3. Describe the work of your firm; in particular tell us about any efforts on behalf of minority or marginalised people.
My personal work and that of my law firm is based around defence of journalists and bloggers who are arrested, jailed, detained or prosecuted because of their work. Many have been arrested and remain behind bars, while others have fled the country. Those who remain self-censor for fear of being arrested. I also belong to the East African network of digital rights lawyers of Media Defence, providing legal aid , defence and assistance before regional courts and human rights regional jurisdictions for those persecuted in their home countries.
4. Do you consider yourself a human rights defender (HRD)? If so and you are at liberty to describe the experience, have you been the victim of harassment or threat because of your work?
Yes – I do consider myself a Human Rights Defender and I have personal experience of threats, harassment and abuse. I have written pieces criticizing poor governance and the autocratic system in Rwanda, calling for reforms and the rule of law, and been trolled by the state’s “sock puppets” and bots. In 2019 my legal practice license was suspended without any notification or due process from the Rwanda Bar Association (happily reinstated since).
5. Have you been involved in any note-worthy cases concerning cartoonists, artists or journalists?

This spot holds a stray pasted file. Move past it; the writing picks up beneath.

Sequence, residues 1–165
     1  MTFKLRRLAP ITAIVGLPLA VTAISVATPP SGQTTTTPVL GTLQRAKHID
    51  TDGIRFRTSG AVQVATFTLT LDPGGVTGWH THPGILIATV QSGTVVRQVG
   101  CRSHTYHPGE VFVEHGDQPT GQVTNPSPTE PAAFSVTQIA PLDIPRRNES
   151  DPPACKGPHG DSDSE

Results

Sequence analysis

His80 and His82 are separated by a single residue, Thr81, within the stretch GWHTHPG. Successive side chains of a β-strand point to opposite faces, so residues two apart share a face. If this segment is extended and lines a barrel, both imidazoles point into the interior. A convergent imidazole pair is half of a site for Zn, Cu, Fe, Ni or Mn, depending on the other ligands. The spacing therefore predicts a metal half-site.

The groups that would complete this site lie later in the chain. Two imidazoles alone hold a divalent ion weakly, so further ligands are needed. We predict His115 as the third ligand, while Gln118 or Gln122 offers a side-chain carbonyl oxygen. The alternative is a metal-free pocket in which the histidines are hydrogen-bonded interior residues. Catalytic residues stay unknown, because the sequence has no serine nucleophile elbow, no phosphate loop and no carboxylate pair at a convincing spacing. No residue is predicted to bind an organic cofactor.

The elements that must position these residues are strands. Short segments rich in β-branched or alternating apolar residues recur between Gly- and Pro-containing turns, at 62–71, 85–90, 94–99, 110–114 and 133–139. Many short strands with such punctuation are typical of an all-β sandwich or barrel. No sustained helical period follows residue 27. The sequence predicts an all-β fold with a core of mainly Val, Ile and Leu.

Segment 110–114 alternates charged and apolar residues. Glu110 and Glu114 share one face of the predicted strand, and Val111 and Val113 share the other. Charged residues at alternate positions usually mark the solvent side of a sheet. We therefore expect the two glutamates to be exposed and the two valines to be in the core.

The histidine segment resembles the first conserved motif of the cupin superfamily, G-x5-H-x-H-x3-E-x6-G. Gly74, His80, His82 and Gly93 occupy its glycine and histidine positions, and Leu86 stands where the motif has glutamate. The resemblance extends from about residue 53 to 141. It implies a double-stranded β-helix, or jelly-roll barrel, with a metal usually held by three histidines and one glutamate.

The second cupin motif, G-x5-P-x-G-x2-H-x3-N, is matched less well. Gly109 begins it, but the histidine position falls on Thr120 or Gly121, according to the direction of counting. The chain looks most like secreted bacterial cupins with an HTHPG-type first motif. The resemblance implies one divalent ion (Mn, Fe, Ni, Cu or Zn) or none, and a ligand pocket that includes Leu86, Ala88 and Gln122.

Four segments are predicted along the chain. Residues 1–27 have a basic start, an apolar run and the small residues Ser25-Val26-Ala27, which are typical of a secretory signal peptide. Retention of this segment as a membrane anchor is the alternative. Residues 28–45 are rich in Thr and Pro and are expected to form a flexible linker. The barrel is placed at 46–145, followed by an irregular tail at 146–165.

In 2011 I have worked on the case of Ministere Public v. Agnes Uwimana Nkusi and Saidath Mukakibibi who were at that time the chief editor and editor of the bi-weekly Umurabyo, a Kinyarwanda language publication. My clients were convicted on four charges: threatening national security; defamation of the president; genocide ideology and denial; abetting divisionism in the country.
The public prosecution argued that the two journalists threatened national security by incitement. The high court convicted Uwimana Nkusi to a total of seventeen years’ imprisonment, to be served consecutively. Her colleague Mukakibibi were also sentenced to serve a jail sentence of seven years. In 2012 we lodged an appeal at the supreme court and overturned some of convictions; Uwimana Nkusi was acquitted of the charges of genocide denial and divisionism, but her conviction for defaming the president stood, she was left to serve four years. Saidath’s sentence was reduced to three years, however this case is still ongoing as we appealed to the African commission on Human and People’s Rights.
6. Have you a favourite cartoonist? If so who, and what do you admire about them?
My favourite is Masoud Kipanya, a Tanzanian cartoonist based in Dar es Salaam. What I love is the lucidity of his cartoons, the biting sarcasm and the irony with which he depicts East African society, but also his defiance before the totalitarian establishment in Tanzania and across the region.